Addressing a few dozen folks at the Boardwalk Plaza Hotel, Rehoboth Beach historian Paul Lovett said he hadn’t planned on doing a deep dive into the life of Commodore William H. Shock, but that changed when he came across an old photo from 1905 of Shock’s cottage on the Boardwalk.
Lovett said the only thing he knew about Shock was that he had attained the rank of commodore in the U.S. Navy. A short time later, he said, he was talking about this unknown Commodore Shock with his son-in-law, a retired Navy master chief.
A short time later, his son-in-law pulled up a page on the internet and showed Lovett a picture of Shock. From there, said Lovett, he began to research the story behind one of Rehoboth Beach’s original fathers.
Lovett said Shock’s name is all over the handwritten minutes from town meetings in the 1890s.
Lovett read a tribute to the commodore published July 20, 1901, in the Rehoboth Beacon. Shock was born June 15, 1821, in Baltimore. He was appointed an officer in the U.S. Navy in January 1845 and saw active service in the Mexican War.
According to the tribute, Shock “fought with credit and distinction,” and was later appointed engineer in chief of the U.S. Navy and visited nearly every foreign station. He was one of the first Americans to land on Chinese soil, says the Beacon article.
The Beacon tribute describes Shock as one of the earliest residents of Rehoboth, “appreciating at once its natural advantages and its excellent location. He has been most public spirited and ready to help every good work.”
Lovett noted that Shock tribute was between an, “Ode to the moon,” and a story about some kids getting a sunburn on a walk south to what is now the Indian River Inlet.
Lovett speculated that Shock might have first come across Rehoboth in the mid-1800s while on board a survey steamer from Philadelphia making its way along the Delaware coastline after coming out of the Delaware River. If he had done that, said Lovett, there would have been two blooms of smoke coming from the Rehoboth area – one from the Lorenzo Dow Martin House and one from the Peter Marsh Homestead, which is part of the Rehoboth Art League in Henlopen Acres.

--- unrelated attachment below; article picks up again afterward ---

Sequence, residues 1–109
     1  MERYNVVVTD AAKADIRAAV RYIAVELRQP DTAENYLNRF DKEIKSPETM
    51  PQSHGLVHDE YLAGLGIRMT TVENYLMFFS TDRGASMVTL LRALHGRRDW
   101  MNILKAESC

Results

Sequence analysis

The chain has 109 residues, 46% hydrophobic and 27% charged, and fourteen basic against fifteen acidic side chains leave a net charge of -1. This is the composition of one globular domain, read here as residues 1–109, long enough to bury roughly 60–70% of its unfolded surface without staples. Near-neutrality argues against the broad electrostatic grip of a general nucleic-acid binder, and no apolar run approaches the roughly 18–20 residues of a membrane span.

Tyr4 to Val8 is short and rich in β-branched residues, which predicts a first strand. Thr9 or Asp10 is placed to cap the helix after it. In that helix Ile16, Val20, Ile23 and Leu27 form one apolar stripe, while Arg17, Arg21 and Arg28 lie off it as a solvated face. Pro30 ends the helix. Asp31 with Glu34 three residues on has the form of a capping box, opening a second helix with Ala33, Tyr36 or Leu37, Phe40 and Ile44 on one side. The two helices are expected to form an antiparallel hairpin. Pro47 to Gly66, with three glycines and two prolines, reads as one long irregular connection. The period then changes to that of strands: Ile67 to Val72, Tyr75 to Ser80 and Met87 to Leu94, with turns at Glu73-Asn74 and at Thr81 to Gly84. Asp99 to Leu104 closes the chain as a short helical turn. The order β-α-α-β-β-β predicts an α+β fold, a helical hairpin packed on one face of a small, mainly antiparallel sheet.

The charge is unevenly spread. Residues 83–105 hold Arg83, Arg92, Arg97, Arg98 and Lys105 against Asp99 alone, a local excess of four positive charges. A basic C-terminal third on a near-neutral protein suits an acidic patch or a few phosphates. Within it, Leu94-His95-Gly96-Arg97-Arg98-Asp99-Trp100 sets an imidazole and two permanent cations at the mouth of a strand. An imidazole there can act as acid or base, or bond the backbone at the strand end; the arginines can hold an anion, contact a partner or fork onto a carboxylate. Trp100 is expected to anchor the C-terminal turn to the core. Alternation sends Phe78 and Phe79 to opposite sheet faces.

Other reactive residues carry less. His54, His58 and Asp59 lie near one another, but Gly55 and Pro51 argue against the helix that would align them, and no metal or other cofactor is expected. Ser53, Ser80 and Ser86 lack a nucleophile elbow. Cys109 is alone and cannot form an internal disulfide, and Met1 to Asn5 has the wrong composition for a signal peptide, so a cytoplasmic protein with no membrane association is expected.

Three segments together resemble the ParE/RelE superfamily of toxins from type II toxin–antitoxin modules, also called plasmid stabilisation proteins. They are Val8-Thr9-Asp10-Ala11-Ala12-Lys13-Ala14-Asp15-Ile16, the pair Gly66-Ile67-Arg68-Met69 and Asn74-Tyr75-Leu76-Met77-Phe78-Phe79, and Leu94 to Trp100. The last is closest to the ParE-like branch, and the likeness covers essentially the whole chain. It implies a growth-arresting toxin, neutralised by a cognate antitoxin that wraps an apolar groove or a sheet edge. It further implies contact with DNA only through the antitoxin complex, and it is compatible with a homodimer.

According to service records found by Lovett, Shock oversaw the fleet of steamers used by the U.S. Mail, helped install the steam boilers at West Point and wrote a textbook that was used at the Naval Academy for decades.
Lovett said he went to the Naval Academy, and while he doesn’t remember it, he’s sure he would have read Shock’s book.
Lovett said by the time Shock arrived in Rehoboth, around 1880, there would have been four permanent residents, but 36 summer residences.
After taking a boat across the Chesapeake Bay, Shock would have traveled by train to Rehoboth. The Lewes-Rehoboth Canal would not have been here while he was alive, said Lovett.
A deeply religious man, Shock was also a major contributor to the founding of Epworth Church, said Lovett. The church's original location is where the Cultured Pearl is today, he said.
For more information on Shock’s importance to the early development of Rehoboth Beach, go to Lovett’s website on the Golden Age of Rehoboth.
Final of four lectures June 9
Lovett has already held three lectures – one on Lorenzo Dow Martin and a video interview with Kitty Cole that featured imagery of her life in Rehoboth more than 50 years ago. The Shock lecture was the third. Lovett’s final lecture is scheduled for Thursday, June 9, and will be about the wealthy barons of industry who built cottages on the Boardwalk in the 1880s.
Lectures begin at 7:15 p.m. and take place in the Kent/Sussex Room of Boardwalk Plaza Hotel, 2 Olive Ave. The cost of each lecture is $25, with money going toward the continued building of Lovett’s diorama of Rehoboth Beach in the early 1920s. The diorama of the railroad era of Rehoboth comprises 70 buildings over five tables. To reserve a seat at one of the lectures, call 302-521-4190.